By Robert Walton
Why do strings, especially those in a symphony orchestra, have such an effect on audiences, like transmitting a sublime message? Especially a composition with a lovely melody and beautiful harmonies. And like any gathering of performing instrumentalists, there’s always a distinctive air of mystery about the music. But more than that, the sound they create can be the most thrilling it’s possible for humans to produce. Think of it as a jumping off point for the listener to use his/her imagination in whatever way they choose. Add appropriate words and it can become a religious experience as, for example, in Mahler’s Symphony of a Thousand. If there happens to be a handy choir around, there’s nothing else in the world that can beat that combination. Even the most unmusical ear can be affected in some small way by the forces of the most powerful and biggest artistic outburst.
So where do strings originate? They’re influenced entirely from the sound of the human voice. Even a wordless chorus or made-up lyrics can be a most moving experience. So the next time you sing with a group, remember you were once part of the most precious natural component waiting to be re-invented and played by man-made means. Although violins, violas, cellos and double basses were discovered and perfected by experts (Amati, Guarneri and Stradivari), it’s still our vocal chords, which inspired such a universal auditory creation.
Arrangers Ferde Grofé and Bill Challis were largely responsible for introducing classically orientated string sections into the dance band and jazz worlds via bandleaders Jean Goldkette and Paul Whiteman. Gershwin’s sensational Rhapsody in Blue was the culmination of these three cultures. After a modest string quartet Artie Shaw got hooked on a larger section, but the first real genius of string backings was Axel Stordahl who single-handedly gave them total legitimacy in the world of popular music for Frank Sinatra. In the process, Stordahl paved the way for Nelson Riddle.
Finally, and perhaps more than any other style, strings became the mainstay of light music (concert music in America) especially between 1940 and 1960, which was constantly heard on cinema newsreels and radio in general. This is sometimes called “The Golden Era of Light Music” when the finest practitioners of the highly specialized art of mood or production music reached its zenith - Eric Coates, Charles Williams, Sidney Torch, Clive Richardson, Wally Stott (Angela Morley), David Rose and many others. Before anyone screams out “What about Farnon?” I was just coming to him. In the 20th century, Robert Farnon was without doubt the greatest composer, arranger and string writer of them all! André Previn was absolutely right.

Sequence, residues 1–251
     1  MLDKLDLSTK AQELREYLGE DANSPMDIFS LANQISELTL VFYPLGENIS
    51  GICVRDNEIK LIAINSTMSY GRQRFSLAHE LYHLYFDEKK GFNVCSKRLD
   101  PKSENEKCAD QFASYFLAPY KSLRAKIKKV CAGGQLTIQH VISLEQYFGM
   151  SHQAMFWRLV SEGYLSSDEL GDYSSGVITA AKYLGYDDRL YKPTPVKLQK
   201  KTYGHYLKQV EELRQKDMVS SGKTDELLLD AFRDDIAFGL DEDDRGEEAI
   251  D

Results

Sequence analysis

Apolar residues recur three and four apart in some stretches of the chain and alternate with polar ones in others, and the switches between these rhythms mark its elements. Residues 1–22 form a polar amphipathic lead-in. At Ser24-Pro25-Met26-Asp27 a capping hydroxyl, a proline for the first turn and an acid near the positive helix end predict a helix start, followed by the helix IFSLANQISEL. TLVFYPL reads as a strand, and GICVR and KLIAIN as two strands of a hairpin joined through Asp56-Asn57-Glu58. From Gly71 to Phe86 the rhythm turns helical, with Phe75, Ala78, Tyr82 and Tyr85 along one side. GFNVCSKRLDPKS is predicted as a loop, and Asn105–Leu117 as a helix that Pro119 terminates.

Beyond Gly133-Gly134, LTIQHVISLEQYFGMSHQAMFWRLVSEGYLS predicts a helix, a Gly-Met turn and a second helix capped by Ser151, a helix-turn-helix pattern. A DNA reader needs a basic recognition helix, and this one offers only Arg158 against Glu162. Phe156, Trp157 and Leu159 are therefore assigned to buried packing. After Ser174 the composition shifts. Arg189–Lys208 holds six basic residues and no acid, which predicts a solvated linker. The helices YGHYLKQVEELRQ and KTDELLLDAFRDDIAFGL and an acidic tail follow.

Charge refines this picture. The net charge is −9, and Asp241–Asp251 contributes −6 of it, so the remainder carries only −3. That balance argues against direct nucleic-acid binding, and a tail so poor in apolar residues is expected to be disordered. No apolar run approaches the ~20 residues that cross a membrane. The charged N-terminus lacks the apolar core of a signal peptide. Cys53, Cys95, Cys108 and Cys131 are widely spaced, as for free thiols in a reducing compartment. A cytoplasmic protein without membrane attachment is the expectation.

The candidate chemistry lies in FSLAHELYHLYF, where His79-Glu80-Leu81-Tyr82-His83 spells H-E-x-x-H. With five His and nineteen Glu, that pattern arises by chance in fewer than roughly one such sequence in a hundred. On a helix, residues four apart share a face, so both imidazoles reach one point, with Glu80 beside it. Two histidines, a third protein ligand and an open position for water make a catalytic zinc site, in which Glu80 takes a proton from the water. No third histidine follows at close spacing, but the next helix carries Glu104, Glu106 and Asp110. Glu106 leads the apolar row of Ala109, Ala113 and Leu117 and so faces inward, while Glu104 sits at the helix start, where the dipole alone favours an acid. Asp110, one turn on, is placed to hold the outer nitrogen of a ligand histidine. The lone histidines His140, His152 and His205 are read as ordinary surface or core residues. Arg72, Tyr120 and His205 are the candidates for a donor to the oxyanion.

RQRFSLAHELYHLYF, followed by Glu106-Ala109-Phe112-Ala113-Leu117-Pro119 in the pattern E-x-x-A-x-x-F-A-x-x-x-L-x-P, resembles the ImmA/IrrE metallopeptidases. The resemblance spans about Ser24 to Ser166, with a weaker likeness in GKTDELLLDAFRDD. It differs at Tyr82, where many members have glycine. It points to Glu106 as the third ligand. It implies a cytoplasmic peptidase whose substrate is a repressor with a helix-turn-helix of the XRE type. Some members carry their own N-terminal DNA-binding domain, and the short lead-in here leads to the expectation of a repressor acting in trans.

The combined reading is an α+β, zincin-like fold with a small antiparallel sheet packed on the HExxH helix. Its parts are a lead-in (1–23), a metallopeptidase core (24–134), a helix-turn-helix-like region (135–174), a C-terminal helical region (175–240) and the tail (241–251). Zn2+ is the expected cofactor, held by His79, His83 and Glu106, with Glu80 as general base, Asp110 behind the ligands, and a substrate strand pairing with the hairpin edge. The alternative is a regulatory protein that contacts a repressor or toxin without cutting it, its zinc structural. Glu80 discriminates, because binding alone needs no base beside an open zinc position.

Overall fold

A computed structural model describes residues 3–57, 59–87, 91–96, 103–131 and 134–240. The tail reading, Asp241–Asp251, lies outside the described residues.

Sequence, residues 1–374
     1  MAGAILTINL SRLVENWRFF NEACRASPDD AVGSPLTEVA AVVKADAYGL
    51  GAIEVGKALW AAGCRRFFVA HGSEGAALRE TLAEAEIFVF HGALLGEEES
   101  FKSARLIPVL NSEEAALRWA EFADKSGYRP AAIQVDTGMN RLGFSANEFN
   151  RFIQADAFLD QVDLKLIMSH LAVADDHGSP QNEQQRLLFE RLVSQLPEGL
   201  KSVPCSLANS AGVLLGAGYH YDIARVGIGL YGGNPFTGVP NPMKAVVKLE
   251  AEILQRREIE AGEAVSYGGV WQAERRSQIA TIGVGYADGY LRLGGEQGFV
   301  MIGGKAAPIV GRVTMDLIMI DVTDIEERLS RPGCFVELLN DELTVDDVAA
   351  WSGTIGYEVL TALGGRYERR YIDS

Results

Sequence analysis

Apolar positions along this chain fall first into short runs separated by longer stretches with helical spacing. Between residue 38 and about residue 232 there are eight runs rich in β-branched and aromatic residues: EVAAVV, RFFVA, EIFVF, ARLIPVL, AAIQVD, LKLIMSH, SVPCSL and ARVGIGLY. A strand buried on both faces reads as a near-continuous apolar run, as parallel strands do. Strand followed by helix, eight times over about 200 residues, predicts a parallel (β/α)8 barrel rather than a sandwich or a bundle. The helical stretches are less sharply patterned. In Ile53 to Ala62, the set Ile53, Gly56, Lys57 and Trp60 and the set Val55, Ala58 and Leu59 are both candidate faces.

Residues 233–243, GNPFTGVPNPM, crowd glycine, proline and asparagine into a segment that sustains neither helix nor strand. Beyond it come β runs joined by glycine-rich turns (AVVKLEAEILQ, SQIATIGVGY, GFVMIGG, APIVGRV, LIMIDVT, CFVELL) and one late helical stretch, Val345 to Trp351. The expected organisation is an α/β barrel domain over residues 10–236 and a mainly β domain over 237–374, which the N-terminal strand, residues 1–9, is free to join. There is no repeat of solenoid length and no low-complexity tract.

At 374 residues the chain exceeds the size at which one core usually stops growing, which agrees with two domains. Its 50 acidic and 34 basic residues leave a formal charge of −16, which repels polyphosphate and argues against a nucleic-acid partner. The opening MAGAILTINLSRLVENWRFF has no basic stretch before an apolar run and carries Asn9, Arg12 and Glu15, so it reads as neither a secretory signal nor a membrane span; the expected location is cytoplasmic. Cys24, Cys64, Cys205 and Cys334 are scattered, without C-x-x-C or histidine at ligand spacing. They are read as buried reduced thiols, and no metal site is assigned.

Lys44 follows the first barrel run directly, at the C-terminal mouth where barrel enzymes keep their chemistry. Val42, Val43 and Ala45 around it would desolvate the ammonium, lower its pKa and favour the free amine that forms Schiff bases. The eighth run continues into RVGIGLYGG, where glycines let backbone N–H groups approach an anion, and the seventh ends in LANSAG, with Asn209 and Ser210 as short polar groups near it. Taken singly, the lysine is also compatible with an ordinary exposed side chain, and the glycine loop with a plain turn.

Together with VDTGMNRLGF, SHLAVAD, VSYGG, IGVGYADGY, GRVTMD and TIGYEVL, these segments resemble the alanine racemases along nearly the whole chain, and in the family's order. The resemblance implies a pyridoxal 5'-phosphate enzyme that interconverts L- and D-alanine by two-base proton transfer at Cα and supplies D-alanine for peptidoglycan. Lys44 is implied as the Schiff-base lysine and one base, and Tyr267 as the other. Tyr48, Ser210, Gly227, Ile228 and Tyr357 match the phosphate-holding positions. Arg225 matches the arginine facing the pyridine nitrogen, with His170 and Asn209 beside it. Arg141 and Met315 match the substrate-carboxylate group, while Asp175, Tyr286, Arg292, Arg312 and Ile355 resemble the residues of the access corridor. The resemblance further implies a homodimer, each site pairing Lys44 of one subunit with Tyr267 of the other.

Strings are unquestionably the most versatile family of instruments, in the variety of sound production available to them, but the woodwind and brass families are fully as influential to a large orchestral texture when it comes to the importance of their contributions (of course context is always a primary factor), and in their origin have the same references to the human voice in terms of sound production.
That said, I will also point out that there were plenty of other viable arrangers of standards and composers of light selections during the Golden Age which I would roughly extend from about the mid-30's through about the early 60's or so, and this I feel is a generous time frame as others might with to restrict it a bit further. I put it this way because many of our beloved arrangers who survived into a later period began to cheapen and coarsen their respective styles in the interest of commercialization, or eventually dropped out of the picture altogether. It is undeniable, at least as I see it, that what we had during that Golden Age as I refer to it, began to slowly lose its former viability, although I'm certain that many might disagree. and I'm open to debate on this issue. As it is, I am struggling to find the right words for what I am trying to say.
As for the arrangers themselves, I am surprised that Bob did not list such notable figures, many even more renowned than those he named, such as Leroy Anderson, Morton Gould, Andre Kostelanetz, Victor Young, George Melachrino, Mantovani (in particular) his pre-Charmaine recordings), and notably, Percy Faith. Of course, I recognize that with many of these figures they had one or more staff arrangers working for them to produce the sound they desired while others who did their own work to this end.
However, and I believe that I have made this comment in the past - although Robert Farnon fully deserves inclusion among the greats when it comes to viable arrangements of songs well known or otherwise, or in regard to the quality of their original compositions - to make an absolute statement and say that he was the best is for me a personal judgment that I for one would never express about any figure - not even among the great classical composers. I might have my own personal favorites, and these for me might form a composite picture, each one complementing the others, furnishing what the next one might lack - but I would never under any circumstances state that one figure without question towers over all the rest. These figures, each and every one of them, were only human and subject to the same flaws and foibles as the rest of us, and I am fully ready to own that even amongst my particular favorites there are original compositions and arrangements that I happen to like a good deal less. This will be different for each of us, but regardless, there is no absolutism when it comes to such artistic judgments, and it is frankly quite foolish to consider otherwise.
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